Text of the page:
My quest to start a whoopie pie stand of my very own in a Chicago farmers market.
I was somewhat mistaken in my assumption that everyone knew what I whoopie pie was. I thought they were a classic American dessert currently enjoying a revival, but maybe they’re more regional than I thought. I’m basing this on the fact that neither of my parents knew what they were, so this could also just be a generational thing. Either way, I present to you a brief history of the whoopie pie compiled from sources of variable reliability. But that’s ok because this is just a little baking blog, and I’m fairly certain no one will be hurt if I get this wrong.
My favorite definition is from Wikipedia, the most holy of all internet resources:
The whoopie pie (alternatively called a gob, black-and-white, bob, or “BFO” for Big Fat Oreo) is an American baked good that may be considered either a cookie, pie, or cake.
Now if that doesn’t clear things up…ha! Just kidding. I really think of them as two circular globs of cake (basically the kind of thing that would happen if instead of putting cake in a cupcake tin, you spoon it directly onto a baking sheet) sandwiched together with some filling. By far the most popular and classic flavor combo is chocolate cake with vanilla filling. Kind of like an Oreo, if the chocolate cookies in the Oreo were cakes 4-5 times the size of an Oreo cookie, and the icing were more whipped and airy like a pie filling instead of icing. Although I have heard reports of (bad) whoopie pies where the filling really is just a lot of icing, but that sounds terrible to me as a frosting-hater (yes, it’s true, I am perpetually making my frosting loving friends and family happy when I eat only the cake at birthday parties and shove my gigantic frosting flowers off onto them), so I would actively try to stay away from those kinds of whoopie pies.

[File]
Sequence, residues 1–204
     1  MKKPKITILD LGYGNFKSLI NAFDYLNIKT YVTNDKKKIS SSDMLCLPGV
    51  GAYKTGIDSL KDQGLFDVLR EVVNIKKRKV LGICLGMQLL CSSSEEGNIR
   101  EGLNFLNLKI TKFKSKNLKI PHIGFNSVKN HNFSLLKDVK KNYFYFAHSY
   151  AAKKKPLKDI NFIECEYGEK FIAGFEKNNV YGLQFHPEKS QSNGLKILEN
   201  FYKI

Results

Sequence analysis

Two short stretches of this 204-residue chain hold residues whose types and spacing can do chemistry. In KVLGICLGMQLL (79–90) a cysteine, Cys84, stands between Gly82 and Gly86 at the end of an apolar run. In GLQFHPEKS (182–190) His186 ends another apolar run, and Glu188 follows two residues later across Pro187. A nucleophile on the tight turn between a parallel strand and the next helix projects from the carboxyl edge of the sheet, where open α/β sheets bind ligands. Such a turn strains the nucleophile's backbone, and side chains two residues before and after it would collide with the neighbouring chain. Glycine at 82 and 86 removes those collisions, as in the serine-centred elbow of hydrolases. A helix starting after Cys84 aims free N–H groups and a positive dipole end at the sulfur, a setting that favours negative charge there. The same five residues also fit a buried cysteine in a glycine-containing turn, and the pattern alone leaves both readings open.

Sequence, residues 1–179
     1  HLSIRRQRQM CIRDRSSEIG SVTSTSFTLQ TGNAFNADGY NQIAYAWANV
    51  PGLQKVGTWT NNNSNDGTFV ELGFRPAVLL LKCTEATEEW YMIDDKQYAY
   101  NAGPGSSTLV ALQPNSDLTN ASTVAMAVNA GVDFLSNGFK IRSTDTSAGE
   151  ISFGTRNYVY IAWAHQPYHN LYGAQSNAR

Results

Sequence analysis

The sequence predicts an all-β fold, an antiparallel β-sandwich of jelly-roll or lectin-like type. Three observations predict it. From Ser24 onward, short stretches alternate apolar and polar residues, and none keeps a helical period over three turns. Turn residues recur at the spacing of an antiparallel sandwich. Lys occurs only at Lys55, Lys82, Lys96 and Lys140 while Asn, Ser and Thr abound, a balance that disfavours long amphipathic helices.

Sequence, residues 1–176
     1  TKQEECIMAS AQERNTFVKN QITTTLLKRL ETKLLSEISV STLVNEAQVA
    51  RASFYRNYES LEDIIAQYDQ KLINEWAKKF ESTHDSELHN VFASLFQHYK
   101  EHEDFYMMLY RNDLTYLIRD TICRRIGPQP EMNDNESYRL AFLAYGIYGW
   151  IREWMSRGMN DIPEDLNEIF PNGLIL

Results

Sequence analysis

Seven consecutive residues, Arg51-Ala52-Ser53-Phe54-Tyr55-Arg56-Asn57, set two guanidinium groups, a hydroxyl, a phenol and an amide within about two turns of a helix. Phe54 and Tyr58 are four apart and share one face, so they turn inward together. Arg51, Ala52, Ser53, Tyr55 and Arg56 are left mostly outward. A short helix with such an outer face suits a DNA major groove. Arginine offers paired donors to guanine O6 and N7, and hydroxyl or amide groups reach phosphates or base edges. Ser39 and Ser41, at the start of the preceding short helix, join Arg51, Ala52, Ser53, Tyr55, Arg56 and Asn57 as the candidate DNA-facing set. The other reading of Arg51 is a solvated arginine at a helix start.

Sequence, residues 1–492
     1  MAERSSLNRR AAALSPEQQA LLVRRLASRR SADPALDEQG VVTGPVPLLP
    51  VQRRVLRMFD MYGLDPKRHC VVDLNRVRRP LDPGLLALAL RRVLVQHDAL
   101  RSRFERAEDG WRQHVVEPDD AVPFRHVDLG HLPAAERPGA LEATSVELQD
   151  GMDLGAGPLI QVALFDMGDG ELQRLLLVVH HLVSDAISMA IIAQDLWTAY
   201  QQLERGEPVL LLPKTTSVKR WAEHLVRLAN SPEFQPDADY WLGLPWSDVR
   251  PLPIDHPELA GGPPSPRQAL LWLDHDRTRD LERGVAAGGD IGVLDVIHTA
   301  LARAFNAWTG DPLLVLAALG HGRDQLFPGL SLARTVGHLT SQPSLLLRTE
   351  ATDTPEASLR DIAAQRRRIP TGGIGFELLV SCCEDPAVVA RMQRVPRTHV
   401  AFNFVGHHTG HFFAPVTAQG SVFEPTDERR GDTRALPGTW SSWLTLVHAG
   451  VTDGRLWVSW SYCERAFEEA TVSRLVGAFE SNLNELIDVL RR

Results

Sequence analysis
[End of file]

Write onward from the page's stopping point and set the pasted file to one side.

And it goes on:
I have mostly seen whoopie pies credited to Pennsylvania Amish women, who supposedly used to bake these with leftover cake batter and put them in their husband or children’s lunch boxes. Legend goes the men would later find them and yell, “Sweet Jesus!”
Just kidding. Making sure you’re paying attention. Obviously they would yell “whoopie!” and thus a humble star of the baking world was born. (sources here, here, and here) Maine also has a contentious claim for their invention. In fact Maine and Lancaster County, PA had a well-publicized media fight about the origination of whoopie pies just last year. Even Boston pipes up once in a while claiming to be the location of creation, though it’s more likely some PA Amish made their way up to Maine and Boston at some point and showed those northerners what was up.
Whatever you believe, it appears that whoopie pies first started appearing around the time of The Great Depression. So if we’re currently in the closest thing to The Great Depression right now, what better time than to help bring back the whoopie pie?
The whoopie pie is American, usually rustic (molds exist, but they’re most often just baked on a regular ol’ baking sheet), and most definitely not fancy…so kind of the opposite of a macaron. BUT they do share the important concept of two cookies sandwiched together with an endless potential for flavor combinations. Since I was going to make American flavors anyway, the switch just makes so much sense. Although if I were really doing a switch, I would try to make “French”-flavored whoopie pies…which I suppose would mean pistachio, almond, passion fruit, rose, and raspberry. But I personally think my “American” flavors in my last post are more exciting.
As for whoopie pies in Chicago, it seems like there may be even less places selling them than macarons. I had found about 14 places selling macarons without searching too hard. This is what I have for whoopie pies:
So not all that many, really.
I now have the unexpected problem of blog name. “Macmaker” doesn’t quite make sense anymore, but I’m planning on soon coming up with a name for the whoopie pie business, so when that happens, I’ll just switch the website to whatever that name is. Suggestions welcome!
Next up for this (3-day) weekend: whoopie pie experiments!
Also, that video I posted is narrated by Ira Glass, the inimitable host of This American Life, the best radio show that has become a podcast in the history of podcasts, which you should go listen to right now.